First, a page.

O-540 Starting Question

edited September 24 in General Discussion

During the failed start procedure, it says to clear the flooded engine by rotating the engine approximately 10 revolutions while opening the throttle slowly. Two questions...

  1. How far do you open the throttle?
  2. How does opening the throttle clear a flooded engine; seems counter intuitive?

Thanks

Comments

  • We're going to need specific information here. What year and model of airplane and engine. What is "it" that you refer to?

    Scott Sherer
    FAA Master Pilot
    Piper Owner Society Forum Moderator and Pipers Author.
    Need help? Let me know!

  • 67 PA-32 6/260 with an O-540. The POH says:
    If the engine fails to start at the first attempt, another attempt should be made without priming. If this fails, it is possible that the engine is overprimed. Turn the magneto switch OFF, open the throttle slowly, and rotate the engine approximately ten revolutions with the starter.

  • Hey, thanks for the help!

    Scott Sherer
    FAA Master Pilot
    Piper Owner Society Forum Moderator and Pipers Author.
    Need help? Let me know!

  • I never us the primer on my 260. I just pump the throttle 3 times and off she goes.
    Hope this helps.

  • Still hoping for some insight into this.

  • I do very short hops in my 260 (9 mins is my normal flight time).
    Hundreds of starts a month.

    The 260 is one of the easiest starting engine I have sat behind.
    So possibly:
    you are flooding it.
    your mag timing is off.
    you have a broken primer line.
    Plugs gapped incorrectly

    Do you have problems all the time or just hot starts?

  • I guess you misunderstood my post. I never said I have been having problems starting my engine. She cranks like a champ each time. I was just trying to figure out the failed start procedure and make sense of it.

  • Thanks for the clarification. Hopefully our member participants can re-enter the conversation. Thanks again.

    Scott Sherer
    FAA Master Pilot
    Piper Owner Society Forum Moderator and Pipers Author.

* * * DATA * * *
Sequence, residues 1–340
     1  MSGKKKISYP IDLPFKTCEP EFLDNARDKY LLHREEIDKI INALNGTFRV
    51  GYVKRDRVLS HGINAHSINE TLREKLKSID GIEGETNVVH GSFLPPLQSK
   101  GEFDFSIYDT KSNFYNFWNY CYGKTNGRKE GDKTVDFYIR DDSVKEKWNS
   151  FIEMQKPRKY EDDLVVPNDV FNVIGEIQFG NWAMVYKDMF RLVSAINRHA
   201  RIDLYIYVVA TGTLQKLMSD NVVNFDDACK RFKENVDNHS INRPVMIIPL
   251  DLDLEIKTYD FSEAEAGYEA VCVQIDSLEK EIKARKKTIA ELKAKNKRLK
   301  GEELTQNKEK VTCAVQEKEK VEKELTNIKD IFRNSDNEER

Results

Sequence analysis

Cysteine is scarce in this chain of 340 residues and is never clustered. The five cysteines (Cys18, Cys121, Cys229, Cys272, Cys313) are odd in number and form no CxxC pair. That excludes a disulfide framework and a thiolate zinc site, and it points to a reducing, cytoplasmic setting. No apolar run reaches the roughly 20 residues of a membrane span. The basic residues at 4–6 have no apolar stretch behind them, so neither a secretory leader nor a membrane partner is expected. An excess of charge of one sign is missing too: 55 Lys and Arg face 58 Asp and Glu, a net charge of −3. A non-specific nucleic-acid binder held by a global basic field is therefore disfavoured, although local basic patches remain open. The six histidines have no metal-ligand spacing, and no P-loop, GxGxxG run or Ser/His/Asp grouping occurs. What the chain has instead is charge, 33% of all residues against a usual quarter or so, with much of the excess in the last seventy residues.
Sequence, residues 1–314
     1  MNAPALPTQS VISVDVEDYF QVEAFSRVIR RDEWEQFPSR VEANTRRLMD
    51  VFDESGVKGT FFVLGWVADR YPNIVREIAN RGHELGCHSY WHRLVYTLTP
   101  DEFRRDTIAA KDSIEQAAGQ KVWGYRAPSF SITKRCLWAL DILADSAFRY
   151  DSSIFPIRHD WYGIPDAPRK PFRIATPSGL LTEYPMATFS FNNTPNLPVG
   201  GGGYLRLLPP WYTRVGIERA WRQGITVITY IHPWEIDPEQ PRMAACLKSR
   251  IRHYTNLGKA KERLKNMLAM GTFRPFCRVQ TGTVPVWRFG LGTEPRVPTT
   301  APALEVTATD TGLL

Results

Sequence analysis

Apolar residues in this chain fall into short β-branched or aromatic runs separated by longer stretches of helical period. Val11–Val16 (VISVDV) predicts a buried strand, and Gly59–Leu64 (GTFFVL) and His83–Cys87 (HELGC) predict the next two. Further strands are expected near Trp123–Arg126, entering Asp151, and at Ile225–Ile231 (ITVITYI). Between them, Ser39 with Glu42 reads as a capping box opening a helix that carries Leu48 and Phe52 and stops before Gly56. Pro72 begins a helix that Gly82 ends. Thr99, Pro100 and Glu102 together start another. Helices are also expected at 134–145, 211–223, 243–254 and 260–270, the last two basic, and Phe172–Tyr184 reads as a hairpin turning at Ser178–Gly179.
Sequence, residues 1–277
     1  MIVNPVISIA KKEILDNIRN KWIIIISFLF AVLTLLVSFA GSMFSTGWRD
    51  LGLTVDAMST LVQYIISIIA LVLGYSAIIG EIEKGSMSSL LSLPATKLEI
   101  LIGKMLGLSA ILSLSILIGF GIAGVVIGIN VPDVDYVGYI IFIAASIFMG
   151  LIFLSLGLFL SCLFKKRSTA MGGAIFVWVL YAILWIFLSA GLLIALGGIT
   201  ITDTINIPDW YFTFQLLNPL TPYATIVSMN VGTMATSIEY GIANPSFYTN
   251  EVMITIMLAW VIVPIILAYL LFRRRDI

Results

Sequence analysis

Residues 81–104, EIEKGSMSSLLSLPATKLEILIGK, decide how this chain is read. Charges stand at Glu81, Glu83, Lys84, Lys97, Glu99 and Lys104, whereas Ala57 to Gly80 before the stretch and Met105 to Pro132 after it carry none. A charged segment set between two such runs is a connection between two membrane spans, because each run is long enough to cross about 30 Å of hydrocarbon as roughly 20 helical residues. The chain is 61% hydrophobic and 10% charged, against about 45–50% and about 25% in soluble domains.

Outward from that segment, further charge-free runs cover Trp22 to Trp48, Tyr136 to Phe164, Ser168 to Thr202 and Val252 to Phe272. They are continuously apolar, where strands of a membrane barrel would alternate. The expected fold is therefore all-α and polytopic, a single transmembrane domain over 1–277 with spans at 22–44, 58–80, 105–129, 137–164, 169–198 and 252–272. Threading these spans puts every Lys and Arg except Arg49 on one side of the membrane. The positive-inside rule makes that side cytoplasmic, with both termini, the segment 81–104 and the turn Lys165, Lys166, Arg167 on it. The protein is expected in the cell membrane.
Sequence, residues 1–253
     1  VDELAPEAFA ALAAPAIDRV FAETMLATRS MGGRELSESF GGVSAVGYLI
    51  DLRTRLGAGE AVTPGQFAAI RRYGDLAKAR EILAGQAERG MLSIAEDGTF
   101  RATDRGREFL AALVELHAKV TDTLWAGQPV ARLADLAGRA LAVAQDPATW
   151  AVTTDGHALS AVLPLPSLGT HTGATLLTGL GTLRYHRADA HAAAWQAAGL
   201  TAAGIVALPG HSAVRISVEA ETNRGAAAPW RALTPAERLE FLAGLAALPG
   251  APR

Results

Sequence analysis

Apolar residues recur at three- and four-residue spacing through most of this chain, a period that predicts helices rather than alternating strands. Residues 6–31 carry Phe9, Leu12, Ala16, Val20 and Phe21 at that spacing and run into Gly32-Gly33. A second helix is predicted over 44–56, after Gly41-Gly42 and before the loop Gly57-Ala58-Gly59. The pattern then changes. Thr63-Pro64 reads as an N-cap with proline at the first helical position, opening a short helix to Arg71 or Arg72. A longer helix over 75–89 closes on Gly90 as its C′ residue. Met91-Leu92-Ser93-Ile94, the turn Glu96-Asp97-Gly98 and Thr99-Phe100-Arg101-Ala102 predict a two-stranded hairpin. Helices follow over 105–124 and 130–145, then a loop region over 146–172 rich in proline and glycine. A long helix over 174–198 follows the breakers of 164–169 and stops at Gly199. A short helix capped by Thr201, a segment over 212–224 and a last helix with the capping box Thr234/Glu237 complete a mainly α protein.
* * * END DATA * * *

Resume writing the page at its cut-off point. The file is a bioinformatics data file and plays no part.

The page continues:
Need help? Let me know!

  • Well... I think I actually stomped the chumps with this thread. Never thought I'd see that happen. So let me try a new one. Still centered around start up procedures.

    1) Why is it necessary to let the prop spin one rotation before turning the Mags on and;

    2) Why do you only go to the left mag first till it starts then to both?

    Ok, fellas, take a whack at these!!

  • Digging waaaay back in my aviation career which starts in 1964 I can honestly say that I've not heard of either of these. :) I'm looking forward to other feedback. Most interesting!

    Scott Sherer
    FAA Master Pilot
    Piper Owner Society Forum Moderator and Pipers Author.
    Need help? Let me know!

  • I am not sure about #1, but #2 is related to “impulse coupling” that boosts the spark and changes magneto timing (delays ignition) during the start, which involves very low RPM initially. Impulse coupling is typically only installed on one magneto, usually left.
  • Interesting. Makes sense. Thank you.

  • To your original question- opening the throttle and putting mixture at idle cutout allows more air to enter the cylinders helping “dry” them out of excess fuel. Same as we did with carbureted cars. Remember holding the pedal to the floor?

    To your last question -
    1. I assume you still asking about flooded engine starting? Since normal starting procedure does not involve cranking before turning on left mag.
    2. Impulse coupling is on left mag that retards timing and boosts output momentarily creating a hotter spark to assist in starting. Impulse coupling is only active at very low RPM, usually under 500 RPM.

    67 PA32-260. O-540 E4B5

  • To your original question- opening the throttle allows more air to enter the cylinders helping “dry” them out of excess fuel. Same as we did with carbureted cars. Remember holding the pedal to the floor?

    To your last question -
    1. Are you still asking about flooded engine starting?
    2. Impulse coupling is on left mag that retards timing and boosts output momentarily creating a hotter spark to assist in starting. It too helps avoid a “kick back”. Impulse coupling is only active at very low RPM, usually under 500 RPM.

  • Thanks Don. That makes perfect sense about opening up the carb to dry the cylinders IF you pull the mixture off.
    Problem is that my POH doesn't say to do that. Interestingly, I have a copy of a 1968 Cherokee 'B' and the start sequence is completely different as well as the flooded start procedures; which in fact DOES say to pull the mixture off.

    As for question #1 about rotating the prop; that is from the normal start procedure straight out of the POH as well.

  • That’s odd. My 67 PA32-260 only has a “airplane flight manual” as most early aircraft did. Is your POH from Piper or an aftermarket one?

  • The POH is a legal document that is delivered with the airplane. Basically, it's an airplane flight manual with sections included for any additional equipment or changes to your particular aircraft.

    Scott Sherer
    FAA Master Pilot
    Piper Owner Society Forum Moderator and Pipers Author.
    Need help? Let me know!

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